September 2016
Volume 57, Issue 12
Open Access
ARVO Annual Meeting Abstract  |   September 2016
Bruch’s membrane opening minimum rim width in healthy Brazilian subjects
Author Affiliations & Notes
  • Camila Zangalli
    Ophthalmology, UNICAMP, Campinas, Brazil
  • Alexandre Soares Castro Reis
    Ophthalmology, UNICAMP, Campinas, Brazil
  • Jamil Neto
    Ophthalmology, UNICAMP, Campinas, Brazil
  • Jose Paulo C Vasconcellos
    Ophthalmology, UNICAMP, Campinas, Brazil
  • Balwantray C Chauhan
    Dalhousie University, Halifax, Nova Scotia, Canada
  • Claude F Burgoyne
    Optic Nerve Head Research Laboratory, Devers Eye Institute, Portland, Oregon, United States
  • Vital P Costa
    Ophthalmology, UNICAMP, Campinas, Brazil
  • Footnotes
    Commercial Relationships   Camila Zangalli, None; Alexandre Reis, None; Jamil Neto, None; Jose Paulo Vasconcellos, None; Balwantray Chauhan, Heidelberg Engineering (F), Heidelberg Engineering (C); Claude Burgoyne, Heidelberg Engineering (F), Heidelberg Engineering (R); Vital Costa, None
  • Footnotes
    Support  None
Investigative Ophthalmology & Visual Science September 2016, Vol.57, 841. doi:
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    • Get Citation

      Camila Zangalli, Alexandre Soares Castro Reis, Jamil Neto, Jose Paulo C Vasconcellos, Balwantray C Chauhan, Claude F Burgoyne, Vital P Costa; Bruch’s membrane opening minimum rim width in healthy Brazilian subjects. Invest. Ophthalmol. Vis. Sci. 2016;57(12):841.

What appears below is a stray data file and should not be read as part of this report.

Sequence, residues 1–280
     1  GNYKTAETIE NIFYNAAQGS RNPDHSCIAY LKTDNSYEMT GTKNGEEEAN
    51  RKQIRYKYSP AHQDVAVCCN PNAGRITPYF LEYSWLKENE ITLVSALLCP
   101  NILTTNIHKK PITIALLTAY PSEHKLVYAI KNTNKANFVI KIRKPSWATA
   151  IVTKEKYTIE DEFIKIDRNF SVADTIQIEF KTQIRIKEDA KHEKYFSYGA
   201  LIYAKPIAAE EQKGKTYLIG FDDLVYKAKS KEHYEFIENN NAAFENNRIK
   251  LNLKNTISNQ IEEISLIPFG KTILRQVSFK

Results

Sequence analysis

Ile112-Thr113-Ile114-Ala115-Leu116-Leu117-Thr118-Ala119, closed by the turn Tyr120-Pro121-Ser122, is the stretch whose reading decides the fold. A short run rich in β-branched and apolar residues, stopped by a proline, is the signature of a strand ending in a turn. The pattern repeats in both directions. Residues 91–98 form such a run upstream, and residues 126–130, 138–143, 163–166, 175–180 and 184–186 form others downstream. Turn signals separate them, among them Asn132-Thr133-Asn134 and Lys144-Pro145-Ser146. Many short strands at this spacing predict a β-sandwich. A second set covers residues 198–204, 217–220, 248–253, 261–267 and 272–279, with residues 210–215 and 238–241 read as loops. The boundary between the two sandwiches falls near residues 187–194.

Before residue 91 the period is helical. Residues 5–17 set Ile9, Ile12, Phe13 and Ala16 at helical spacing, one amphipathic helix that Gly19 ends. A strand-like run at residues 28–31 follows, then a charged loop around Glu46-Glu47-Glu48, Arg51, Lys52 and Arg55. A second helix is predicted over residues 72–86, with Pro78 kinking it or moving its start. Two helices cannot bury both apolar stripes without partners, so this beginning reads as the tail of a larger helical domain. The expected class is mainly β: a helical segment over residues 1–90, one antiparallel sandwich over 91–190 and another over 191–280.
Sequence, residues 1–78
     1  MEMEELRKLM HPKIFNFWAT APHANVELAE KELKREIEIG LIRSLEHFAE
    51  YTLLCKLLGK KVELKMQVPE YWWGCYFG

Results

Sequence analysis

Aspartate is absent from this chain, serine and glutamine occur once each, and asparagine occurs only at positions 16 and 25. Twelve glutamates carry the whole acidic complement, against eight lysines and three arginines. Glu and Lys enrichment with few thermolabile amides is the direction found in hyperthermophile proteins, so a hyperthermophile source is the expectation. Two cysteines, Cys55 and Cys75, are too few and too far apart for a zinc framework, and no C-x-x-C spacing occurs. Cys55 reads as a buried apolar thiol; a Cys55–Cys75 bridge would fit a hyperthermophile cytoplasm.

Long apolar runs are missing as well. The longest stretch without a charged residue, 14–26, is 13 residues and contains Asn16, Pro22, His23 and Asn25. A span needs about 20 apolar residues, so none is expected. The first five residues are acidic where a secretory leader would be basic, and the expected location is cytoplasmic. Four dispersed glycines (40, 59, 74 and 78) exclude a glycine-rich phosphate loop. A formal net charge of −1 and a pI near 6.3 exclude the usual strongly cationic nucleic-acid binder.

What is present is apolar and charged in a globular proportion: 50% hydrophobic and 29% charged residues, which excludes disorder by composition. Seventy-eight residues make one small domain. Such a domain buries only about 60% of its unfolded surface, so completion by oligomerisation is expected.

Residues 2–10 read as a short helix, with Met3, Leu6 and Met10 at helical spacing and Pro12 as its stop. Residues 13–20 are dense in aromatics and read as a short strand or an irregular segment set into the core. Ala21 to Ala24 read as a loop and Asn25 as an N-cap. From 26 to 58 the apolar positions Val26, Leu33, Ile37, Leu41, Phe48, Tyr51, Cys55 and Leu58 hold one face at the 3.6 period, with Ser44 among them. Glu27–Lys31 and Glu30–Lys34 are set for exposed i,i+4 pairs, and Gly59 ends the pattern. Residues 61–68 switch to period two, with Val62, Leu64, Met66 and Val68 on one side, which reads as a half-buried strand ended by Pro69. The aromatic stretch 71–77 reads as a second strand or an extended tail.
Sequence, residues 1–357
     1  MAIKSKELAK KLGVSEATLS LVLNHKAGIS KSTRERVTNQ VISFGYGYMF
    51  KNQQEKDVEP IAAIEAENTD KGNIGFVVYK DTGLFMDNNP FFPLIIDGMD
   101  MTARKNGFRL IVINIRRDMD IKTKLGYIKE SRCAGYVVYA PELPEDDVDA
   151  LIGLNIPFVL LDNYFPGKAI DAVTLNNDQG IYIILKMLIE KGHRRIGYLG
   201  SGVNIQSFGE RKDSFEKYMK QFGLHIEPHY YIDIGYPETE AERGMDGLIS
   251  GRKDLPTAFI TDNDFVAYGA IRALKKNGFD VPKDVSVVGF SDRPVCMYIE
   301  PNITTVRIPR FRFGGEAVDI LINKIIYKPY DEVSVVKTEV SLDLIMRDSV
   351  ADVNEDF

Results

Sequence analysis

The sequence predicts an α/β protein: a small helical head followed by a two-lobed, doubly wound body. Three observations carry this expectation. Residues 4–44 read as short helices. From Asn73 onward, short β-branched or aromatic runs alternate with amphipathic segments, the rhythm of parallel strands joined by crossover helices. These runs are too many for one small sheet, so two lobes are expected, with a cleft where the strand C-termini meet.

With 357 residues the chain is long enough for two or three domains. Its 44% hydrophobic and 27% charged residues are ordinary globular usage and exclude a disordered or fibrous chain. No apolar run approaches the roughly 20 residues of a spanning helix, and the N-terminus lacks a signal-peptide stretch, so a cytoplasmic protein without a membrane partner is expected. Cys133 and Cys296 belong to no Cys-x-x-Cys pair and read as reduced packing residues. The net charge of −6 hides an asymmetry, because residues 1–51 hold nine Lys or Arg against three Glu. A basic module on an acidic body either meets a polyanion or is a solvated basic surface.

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      © ARVO (1962-2015); The Authors (2016-present)

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Purpose : To determine Bruch’s membrane opening minimum rim width (BMO-MRW) in a normal Brazilian population and evaluate the effects of age, axial length (AXL), central corneal thickness (CCT) and optic nerve head (ONH) anatomy on this parameter and on retinal nerve fiber layer (RNFL) thickness measurements with spectral-domain optical coherence tomography (SD-OCT).

Methods : 175 normal subjects (58% female) aged between 18 and 78 years (approximately 25 subjects in each decade group) were included in the study. Subjects had normal clinical examinations and visual fields. ONH (24 radial scans centered on BMO) and peripapillary circle scans (3.5-mm nominal scan diameter) were acquired relative to the fovea to BMO center axis (FoBMO) with the Spectralis SD-OCT (Figure 1). AXL and CCT data were also obtained. One eye of each subject was selected randomly for analysis. Associations between BMO-MRW and RNFL measurements with age, AXL, CCT and BMO area were evaluated.

Results : The mean CCT was 530 ± 34 µm (range 442 – 635) and mean AXL was 23.43 ± 0.98 mm (range 21.02 - 27.59). The mean FoBMO angle was -6.45 ± 3.67, ranging from +3.72 ° to - 15.32° and was not associated with AXL, CCT, BMO area or refractive error (P>0.05). Mean BMO area was 1.89 ± 0.4 mm2 and was not associated with AXL, CCT or refractive error (P>0.05). Univariate regression analysis showed that global BMO-MRW declined significantly with BMO area (R2=0.15, P<0.001). It also declined significantly with age (R2=0.05, P=0.001), with the steepest decline occurring inferotemporally (R2= 0.05, P=0.001) (Figure 2). In multivariate analysis, BMO area and age explained ~24% of BMO-MRW variation.

Conclusions : This study provides SD-OCT BMO-MRW data for a population of healthy Brazilian individuals. Adjustment of measured BMO-MRW by age and BMO area should be considered.

This is an abstract that was submitted for the 2016 ARVO Annual Meeting, held in Seattle, Wash., May 1-5, 2016.




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